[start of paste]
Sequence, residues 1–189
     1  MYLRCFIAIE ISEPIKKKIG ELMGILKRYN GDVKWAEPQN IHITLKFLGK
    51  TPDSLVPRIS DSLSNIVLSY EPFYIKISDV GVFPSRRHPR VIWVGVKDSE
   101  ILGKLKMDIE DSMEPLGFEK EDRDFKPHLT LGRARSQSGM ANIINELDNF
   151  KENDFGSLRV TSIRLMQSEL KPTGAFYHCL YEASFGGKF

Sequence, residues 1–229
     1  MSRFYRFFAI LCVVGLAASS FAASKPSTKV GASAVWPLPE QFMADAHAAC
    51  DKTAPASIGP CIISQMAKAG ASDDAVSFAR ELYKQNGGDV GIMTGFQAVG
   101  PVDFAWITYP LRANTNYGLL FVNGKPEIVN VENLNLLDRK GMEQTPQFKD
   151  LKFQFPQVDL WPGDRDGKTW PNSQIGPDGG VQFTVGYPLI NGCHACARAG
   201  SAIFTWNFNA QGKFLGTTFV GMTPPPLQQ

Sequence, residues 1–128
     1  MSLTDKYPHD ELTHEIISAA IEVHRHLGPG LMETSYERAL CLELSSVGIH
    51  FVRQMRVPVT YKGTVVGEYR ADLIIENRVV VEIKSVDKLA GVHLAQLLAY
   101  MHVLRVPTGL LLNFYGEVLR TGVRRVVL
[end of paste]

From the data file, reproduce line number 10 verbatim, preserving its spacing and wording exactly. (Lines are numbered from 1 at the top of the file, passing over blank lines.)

   151  LKFQFPQVDL WPGDRDGKTW PNSQIGPDGG VQFTVGYPLI NGCHACARAG